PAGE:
Longtime Communist leader, educator and union organizer Aaron Cohen died Dec. 12 at the Oakland retirement community where he had lived in recent years. He was nearly 95 years old.

A CPUSA National Committee member for many years and member of the leadership in its Illinois, Southern California and Northern California districts, Cohen was an outstanding educator who reinvigorated party bookstores, expanded the circulation of Marxist literature and organized many classes, seminars and public meetings. He and his wife, Jane Hodes, founded the Niebyl-Proctor Marxist Library for Social Research in 1989.

Aaron Cohen is warmly remembered for his kindness and keen sense of humor as well as his profound theoretical and historical knowledge. He had a special affinity for working with young people throughout his adult life.

“Aaron was a mentor and an inspiration to many of my generation,” said Juan Lopez, the chair of the Northern California district of the CPUSA. “He was always steady, in good times and bad, and modest to a fault. A brilliant working-class intellectual, he invariably imparted a clear understanding of theory as a guide to action.”

Cohen was born Dec. 25, 1908, in Odessa, the Ukraine. The outbreak of World War I barred Aaron, his mother and siblings from joining his father who had emigrated to the U.S. The family’s dire straits deprived him of any formal schooling. Instead, he went to work at age eight, first in the fisheries and later on a Black Sea barge. Despite these harsh circumstances, Aaron taught himself to read and write. His lifelong love of classical music was sparked by the snatches he heard as a boy, wandering Odessa’s streets.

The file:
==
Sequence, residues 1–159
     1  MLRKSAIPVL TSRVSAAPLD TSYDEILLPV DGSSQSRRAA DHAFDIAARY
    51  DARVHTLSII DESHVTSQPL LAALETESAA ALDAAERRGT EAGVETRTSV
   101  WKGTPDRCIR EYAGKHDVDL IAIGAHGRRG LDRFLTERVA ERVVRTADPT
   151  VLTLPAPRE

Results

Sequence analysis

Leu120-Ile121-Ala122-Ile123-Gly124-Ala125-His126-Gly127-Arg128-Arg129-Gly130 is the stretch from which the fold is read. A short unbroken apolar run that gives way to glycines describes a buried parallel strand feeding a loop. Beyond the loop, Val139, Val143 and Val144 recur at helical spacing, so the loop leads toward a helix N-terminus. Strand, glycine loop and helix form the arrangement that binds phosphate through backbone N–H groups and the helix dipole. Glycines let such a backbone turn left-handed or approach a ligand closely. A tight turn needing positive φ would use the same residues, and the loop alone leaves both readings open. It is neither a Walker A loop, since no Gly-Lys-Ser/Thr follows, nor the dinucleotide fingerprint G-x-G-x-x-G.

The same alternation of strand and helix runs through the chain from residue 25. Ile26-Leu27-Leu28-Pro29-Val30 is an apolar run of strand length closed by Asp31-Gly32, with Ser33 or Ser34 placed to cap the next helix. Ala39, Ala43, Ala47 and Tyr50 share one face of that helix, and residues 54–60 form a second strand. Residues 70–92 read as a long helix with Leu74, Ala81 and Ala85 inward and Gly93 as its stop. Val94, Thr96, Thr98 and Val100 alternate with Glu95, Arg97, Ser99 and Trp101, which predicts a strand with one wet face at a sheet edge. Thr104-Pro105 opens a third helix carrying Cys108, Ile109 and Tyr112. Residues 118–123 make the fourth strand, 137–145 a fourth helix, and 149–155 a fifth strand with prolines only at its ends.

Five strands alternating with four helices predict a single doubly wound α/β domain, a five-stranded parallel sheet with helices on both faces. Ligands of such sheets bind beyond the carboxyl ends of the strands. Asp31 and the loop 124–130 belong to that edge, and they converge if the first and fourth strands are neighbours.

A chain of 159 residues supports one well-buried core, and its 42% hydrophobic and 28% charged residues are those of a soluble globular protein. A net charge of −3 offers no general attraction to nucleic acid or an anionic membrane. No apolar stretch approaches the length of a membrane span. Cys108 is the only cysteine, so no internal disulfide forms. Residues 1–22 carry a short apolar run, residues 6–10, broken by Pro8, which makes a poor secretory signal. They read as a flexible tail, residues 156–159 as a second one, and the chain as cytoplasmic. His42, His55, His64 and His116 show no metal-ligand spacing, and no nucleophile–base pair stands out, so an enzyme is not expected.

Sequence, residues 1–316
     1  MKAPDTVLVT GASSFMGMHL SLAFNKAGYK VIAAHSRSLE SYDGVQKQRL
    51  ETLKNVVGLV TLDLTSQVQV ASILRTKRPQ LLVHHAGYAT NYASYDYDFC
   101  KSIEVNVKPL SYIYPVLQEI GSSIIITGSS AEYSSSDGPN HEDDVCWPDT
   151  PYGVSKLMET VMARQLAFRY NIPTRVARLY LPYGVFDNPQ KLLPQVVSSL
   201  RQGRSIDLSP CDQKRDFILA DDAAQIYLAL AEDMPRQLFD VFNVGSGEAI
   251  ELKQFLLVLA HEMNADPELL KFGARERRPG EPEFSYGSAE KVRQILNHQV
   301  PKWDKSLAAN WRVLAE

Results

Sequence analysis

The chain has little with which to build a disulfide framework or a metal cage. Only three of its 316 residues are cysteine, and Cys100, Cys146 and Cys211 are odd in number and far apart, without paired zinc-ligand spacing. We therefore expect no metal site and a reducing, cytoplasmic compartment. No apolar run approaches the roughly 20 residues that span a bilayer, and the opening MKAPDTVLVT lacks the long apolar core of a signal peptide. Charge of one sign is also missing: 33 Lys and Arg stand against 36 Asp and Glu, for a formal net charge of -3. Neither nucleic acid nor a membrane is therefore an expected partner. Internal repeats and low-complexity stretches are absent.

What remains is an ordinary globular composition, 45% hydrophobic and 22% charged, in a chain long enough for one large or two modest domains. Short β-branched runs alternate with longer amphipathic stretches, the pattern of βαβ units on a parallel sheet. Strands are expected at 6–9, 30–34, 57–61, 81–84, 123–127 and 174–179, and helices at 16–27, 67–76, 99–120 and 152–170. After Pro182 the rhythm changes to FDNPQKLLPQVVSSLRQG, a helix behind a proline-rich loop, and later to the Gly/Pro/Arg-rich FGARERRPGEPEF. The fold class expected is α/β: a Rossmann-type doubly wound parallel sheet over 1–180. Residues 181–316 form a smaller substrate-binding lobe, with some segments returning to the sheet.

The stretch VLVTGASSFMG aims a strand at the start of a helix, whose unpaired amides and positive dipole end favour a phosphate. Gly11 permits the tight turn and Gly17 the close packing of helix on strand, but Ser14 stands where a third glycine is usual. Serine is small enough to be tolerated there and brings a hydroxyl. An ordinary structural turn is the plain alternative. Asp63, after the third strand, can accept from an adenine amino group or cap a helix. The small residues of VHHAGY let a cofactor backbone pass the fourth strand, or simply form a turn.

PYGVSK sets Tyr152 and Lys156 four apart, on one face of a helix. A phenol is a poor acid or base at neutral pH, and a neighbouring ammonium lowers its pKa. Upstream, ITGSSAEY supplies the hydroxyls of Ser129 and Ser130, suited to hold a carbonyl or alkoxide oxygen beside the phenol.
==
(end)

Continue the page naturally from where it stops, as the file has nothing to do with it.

After the October 1917 Revolution, Odessa was attacked by counterrevolutionary White Guards and blockaded by western interventionist forces seeking to destroy the new Soviet government.

The young teenager nearly starved – and his mother did die of starvation – as famine struck the Ukraine. Rescued and nursed back to health, Cohen finally left for the United States just before his 16th birthday.

There he soon discovered New York City’s exciting left political currents, and by age 17 had made his lifelong commitment to the Communist Party. His working life would take him to factories, mines and truck routes; his political life would center on the struggles for equality, justice, democracy, peace and socialism.

During his years in Illinois, Aaron Cohen became a coal miner, a reform movement leader in the United Mine Workers, and an organizer of Unemployed Councils during the Great Depression. He participated in the steel workers’ demonstration that was attacked by police in the infamous 1937 Memorial Day Massacre.

Moving to Los Angeles, Cohen worked as a teamster during the 1940s and 1950s, continuing his union activism and enduring FBI harassment during the McCarthy years.

Following the death of his first wife, Mary, Cohen married Jane Hodes in 1979. In 1982 the couple came to the Bay Area, where both continued their political and educational activities.

Aaron Cohen is survived by his wife of 25 years, Jane Hodes, and by his three stepchildren, William, Nancy and Peter Hodes. A memorial celebration is planned for Feb. 28, at 1 p.m. at the Niebyl-Proctor Library, 6501 Telegraph Ave., Oakland. For information and directions, call (510) 595-7417.